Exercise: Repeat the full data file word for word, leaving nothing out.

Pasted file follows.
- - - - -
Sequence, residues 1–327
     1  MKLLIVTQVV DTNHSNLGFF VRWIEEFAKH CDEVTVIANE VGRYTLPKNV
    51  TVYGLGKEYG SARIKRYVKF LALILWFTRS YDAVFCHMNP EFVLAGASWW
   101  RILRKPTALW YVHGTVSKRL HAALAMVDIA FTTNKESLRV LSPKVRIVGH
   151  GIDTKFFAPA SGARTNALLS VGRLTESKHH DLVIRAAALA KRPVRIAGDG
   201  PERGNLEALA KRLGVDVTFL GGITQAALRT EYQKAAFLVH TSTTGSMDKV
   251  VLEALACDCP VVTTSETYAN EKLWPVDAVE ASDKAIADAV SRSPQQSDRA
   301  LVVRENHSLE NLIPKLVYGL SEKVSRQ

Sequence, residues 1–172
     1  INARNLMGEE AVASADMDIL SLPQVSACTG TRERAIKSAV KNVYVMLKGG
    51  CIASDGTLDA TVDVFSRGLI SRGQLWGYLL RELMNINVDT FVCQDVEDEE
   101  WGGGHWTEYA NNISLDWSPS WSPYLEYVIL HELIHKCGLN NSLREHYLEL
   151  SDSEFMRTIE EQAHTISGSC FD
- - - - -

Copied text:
Sequence, residues 1–327
     1  MKLLIVTQVV DTNHSNLGFF VRWIEEFAKH CDEVTVIANE VGRYTLPKNV
    51  TVYGLGKEYG SARIKRYVKF LALILWFTRS YDAVFCHMNP EFVLAGASWW
   101  RILRKPTALW YVHGTVSKRL HAALAMVDIA FTTNKESLRV LSPKVRIVGH
   151  GIDTKFFAPA SGARTNALLS VGRLTESKHH DLVIRAAALA KRPVRIAGDG
   201  PERGNLEALA KRLGVDVTFL GGITQAALRT EYQKAAFLVH TSTTGSMDKV
   251  VLEALACDCP VVTTSETYAN EKLWPVDAVE ASDKAIADAV SRSPQQSDRA
   301  LVVRENHSLE NLIPKLVYGL SEKVSRQ

Sequence, residues 1–172
     1  INARNLMGEE AVASADMDIL SLPQVSACTG TRERAIKSAV KNVYVMLKGG
    51  CIASDGTLDA TVDVFSRGLI SRGQLWGYLL RELMNINVDT FVCQDVEDEE
   101  WGGGHWTEYA NNISLDWSPS WSPYLEYVIL HELIHKCGLN NSLREHYLEL
   151  SDSEFMRTIE EQAHTISGSC FD